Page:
1. ## derivations.

Prove that the equation x^3-3x+c=0 can't have 2 different soulutions in the segment [0,1].
It is suggested to find the derivation and to use the way of supposing
from the contrary.

Any help is appreciated and sorry for the language.

2. The derivative of
$\displaystyle \frac{d}{dx} (x^3 - 3x + C ) = 3x^2 - 3$

which is always negative in the interval [0,1).

So if the function went through the y=0 line in that interval once, it can't turn around and go back through it to make a second root.

3. Originally Posted by blertta
Prove that the equation x^3-3x+c=0 can't have 2 different soulutions in the segment [0,1].
It is suggested to find the derivation and to use the way of supposing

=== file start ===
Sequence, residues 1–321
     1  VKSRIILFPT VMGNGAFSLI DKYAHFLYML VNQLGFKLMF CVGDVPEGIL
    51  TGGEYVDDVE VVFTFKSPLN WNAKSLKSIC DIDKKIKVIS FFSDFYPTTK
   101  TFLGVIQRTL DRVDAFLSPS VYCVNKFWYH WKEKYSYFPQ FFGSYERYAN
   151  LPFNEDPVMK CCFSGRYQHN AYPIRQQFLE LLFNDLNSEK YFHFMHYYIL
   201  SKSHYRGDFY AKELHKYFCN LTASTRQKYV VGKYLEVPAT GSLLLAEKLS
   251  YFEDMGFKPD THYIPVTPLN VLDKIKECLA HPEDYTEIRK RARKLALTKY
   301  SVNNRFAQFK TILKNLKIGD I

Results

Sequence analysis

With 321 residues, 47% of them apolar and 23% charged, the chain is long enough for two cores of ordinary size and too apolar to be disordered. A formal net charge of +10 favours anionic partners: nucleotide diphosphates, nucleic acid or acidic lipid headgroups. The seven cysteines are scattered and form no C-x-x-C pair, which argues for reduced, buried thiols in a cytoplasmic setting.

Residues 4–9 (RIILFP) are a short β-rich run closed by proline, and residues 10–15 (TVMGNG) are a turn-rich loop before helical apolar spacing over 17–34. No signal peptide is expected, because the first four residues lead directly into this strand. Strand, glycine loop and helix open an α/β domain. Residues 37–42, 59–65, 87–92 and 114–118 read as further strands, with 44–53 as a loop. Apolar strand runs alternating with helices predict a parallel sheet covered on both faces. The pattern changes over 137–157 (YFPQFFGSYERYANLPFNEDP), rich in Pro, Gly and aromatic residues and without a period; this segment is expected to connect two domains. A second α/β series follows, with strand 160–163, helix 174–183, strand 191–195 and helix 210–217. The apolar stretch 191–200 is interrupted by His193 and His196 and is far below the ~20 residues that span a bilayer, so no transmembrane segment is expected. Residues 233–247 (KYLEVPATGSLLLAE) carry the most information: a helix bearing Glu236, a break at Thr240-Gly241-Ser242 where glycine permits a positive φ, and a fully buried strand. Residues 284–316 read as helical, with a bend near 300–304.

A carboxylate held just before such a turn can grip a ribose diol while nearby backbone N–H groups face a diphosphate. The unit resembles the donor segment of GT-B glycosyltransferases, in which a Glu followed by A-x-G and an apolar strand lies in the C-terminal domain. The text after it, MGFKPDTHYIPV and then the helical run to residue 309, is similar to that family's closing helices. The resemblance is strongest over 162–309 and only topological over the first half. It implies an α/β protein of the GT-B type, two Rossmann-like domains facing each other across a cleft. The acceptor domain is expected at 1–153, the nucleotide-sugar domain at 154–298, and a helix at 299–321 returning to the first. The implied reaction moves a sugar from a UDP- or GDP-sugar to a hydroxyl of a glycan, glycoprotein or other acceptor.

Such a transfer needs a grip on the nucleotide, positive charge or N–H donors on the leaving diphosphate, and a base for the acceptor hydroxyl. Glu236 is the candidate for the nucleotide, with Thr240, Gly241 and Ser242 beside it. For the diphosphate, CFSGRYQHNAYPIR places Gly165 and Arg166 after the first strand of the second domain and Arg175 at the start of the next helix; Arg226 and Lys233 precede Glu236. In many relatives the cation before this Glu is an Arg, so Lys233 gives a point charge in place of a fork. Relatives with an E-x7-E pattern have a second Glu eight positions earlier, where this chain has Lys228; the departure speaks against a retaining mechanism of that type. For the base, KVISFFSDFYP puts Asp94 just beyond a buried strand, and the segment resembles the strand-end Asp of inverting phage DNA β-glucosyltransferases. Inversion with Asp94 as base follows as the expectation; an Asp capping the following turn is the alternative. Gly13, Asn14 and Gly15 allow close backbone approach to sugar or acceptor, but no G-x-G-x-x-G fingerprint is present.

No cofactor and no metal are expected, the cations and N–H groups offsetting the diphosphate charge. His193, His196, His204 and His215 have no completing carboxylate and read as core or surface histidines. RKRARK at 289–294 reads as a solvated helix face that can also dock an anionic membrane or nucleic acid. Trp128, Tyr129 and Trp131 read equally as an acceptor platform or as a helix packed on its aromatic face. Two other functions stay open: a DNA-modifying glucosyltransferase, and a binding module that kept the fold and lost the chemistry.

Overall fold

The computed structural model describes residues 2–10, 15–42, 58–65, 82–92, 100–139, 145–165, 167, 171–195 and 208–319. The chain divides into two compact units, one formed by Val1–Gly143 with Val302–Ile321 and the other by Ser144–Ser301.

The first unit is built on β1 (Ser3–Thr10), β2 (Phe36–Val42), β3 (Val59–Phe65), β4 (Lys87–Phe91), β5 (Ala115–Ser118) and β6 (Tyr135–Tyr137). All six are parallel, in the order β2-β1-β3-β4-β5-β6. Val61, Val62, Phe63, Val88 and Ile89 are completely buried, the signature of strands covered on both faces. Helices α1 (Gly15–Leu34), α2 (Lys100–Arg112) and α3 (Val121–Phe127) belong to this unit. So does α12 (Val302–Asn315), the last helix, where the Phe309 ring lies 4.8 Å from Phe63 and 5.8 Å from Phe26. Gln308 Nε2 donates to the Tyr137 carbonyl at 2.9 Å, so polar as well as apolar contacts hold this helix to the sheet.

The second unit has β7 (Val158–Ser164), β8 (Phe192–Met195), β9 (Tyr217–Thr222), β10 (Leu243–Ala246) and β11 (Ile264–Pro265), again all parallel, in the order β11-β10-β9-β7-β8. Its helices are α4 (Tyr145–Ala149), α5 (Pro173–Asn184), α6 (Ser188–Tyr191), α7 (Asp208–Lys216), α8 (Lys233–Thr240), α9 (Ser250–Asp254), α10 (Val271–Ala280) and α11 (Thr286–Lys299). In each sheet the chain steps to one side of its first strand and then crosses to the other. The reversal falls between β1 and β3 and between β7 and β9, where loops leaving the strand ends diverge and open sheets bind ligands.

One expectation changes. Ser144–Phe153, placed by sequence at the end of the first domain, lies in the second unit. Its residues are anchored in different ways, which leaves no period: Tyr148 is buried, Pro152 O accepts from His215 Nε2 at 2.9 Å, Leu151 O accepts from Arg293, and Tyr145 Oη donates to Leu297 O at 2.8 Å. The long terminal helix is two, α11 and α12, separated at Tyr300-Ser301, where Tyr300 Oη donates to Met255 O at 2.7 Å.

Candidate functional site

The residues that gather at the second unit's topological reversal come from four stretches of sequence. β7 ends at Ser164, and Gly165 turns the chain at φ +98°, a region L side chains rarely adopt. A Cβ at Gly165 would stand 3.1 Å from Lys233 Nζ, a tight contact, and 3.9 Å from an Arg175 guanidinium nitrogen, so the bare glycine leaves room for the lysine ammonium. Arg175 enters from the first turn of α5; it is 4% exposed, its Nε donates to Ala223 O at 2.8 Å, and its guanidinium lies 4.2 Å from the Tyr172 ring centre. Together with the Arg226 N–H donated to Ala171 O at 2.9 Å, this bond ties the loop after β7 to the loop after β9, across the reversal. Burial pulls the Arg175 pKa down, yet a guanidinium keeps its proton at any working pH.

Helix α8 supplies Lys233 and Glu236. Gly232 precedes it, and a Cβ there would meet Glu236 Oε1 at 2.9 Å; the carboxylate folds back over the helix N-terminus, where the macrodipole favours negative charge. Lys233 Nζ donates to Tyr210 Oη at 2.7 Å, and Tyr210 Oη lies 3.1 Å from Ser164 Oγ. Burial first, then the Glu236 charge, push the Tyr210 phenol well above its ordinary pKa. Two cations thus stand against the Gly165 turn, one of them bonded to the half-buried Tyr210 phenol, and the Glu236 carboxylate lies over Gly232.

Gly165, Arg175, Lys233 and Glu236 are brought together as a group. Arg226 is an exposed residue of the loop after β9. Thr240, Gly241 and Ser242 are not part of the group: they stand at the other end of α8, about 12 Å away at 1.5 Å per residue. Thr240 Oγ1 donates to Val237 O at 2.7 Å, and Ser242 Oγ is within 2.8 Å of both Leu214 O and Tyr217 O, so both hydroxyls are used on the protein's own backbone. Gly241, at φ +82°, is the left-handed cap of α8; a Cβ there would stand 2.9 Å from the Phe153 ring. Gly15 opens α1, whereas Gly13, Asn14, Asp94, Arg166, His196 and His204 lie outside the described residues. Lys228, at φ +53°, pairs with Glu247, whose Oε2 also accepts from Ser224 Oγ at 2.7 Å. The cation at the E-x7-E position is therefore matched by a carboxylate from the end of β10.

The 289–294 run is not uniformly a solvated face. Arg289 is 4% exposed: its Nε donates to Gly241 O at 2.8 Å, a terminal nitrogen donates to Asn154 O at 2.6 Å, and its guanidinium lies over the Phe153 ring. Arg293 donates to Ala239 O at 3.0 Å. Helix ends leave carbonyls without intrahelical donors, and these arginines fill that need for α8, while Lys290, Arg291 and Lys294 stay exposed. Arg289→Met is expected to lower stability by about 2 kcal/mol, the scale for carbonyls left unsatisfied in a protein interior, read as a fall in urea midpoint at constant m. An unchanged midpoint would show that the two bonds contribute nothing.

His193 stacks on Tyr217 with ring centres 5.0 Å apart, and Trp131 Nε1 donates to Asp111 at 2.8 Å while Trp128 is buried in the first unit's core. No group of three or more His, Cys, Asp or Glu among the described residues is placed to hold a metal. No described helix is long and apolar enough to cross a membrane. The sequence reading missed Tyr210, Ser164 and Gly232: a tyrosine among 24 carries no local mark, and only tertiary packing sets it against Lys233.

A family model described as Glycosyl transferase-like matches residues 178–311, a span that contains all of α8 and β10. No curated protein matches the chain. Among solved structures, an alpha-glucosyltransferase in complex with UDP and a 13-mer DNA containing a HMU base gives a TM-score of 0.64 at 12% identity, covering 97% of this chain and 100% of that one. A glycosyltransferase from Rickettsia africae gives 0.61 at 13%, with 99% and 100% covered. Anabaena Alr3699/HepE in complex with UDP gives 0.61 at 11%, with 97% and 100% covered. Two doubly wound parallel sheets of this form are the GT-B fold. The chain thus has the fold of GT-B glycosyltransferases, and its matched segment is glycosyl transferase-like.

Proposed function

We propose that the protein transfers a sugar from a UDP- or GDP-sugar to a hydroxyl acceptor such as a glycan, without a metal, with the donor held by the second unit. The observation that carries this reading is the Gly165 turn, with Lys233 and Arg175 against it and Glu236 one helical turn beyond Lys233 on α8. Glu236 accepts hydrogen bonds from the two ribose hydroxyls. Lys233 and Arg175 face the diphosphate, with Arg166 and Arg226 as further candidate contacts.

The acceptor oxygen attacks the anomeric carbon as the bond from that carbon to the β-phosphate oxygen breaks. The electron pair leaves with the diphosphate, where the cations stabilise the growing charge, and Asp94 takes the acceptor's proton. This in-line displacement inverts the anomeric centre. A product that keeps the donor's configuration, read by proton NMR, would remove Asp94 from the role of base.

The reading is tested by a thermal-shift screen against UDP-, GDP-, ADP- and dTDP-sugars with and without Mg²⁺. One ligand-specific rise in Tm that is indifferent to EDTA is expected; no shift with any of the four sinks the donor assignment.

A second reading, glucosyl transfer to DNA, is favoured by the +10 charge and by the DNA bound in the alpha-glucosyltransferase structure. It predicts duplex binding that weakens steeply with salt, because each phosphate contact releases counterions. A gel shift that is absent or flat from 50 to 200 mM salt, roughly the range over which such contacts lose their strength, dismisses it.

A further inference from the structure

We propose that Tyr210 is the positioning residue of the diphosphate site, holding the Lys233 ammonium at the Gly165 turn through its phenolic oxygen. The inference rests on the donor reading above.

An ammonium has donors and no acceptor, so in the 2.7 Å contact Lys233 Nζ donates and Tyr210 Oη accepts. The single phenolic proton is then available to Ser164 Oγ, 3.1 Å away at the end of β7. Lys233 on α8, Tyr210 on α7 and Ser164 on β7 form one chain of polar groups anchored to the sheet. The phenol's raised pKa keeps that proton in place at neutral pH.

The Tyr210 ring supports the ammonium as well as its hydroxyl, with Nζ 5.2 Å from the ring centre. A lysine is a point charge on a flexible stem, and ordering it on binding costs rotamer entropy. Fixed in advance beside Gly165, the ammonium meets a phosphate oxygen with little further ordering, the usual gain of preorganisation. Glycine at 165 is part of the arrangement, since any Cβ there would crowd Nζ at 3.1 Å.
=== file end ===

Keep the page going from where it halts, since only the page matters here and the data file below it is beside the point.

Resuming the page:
from the contrary.

Any help is appreciated and sorry for the language.
Intermediate value theorem

4. Originally Posted by qmech
The derivative of
$\displaystyle \frac{d}{dx} (x^3 - 3x + C ) = 3x^2 - 3$

which is always negative in the interval [0,1).

So if the function went through the y=0 line in that interval once, it can't turn around and go back through it to make a second root.
i think the function is strictly monotone on [1,0),so there's a unique solution
$\displaystyle b$ such that $\displaystyle b\in [2+c,-2+c]$.
no ?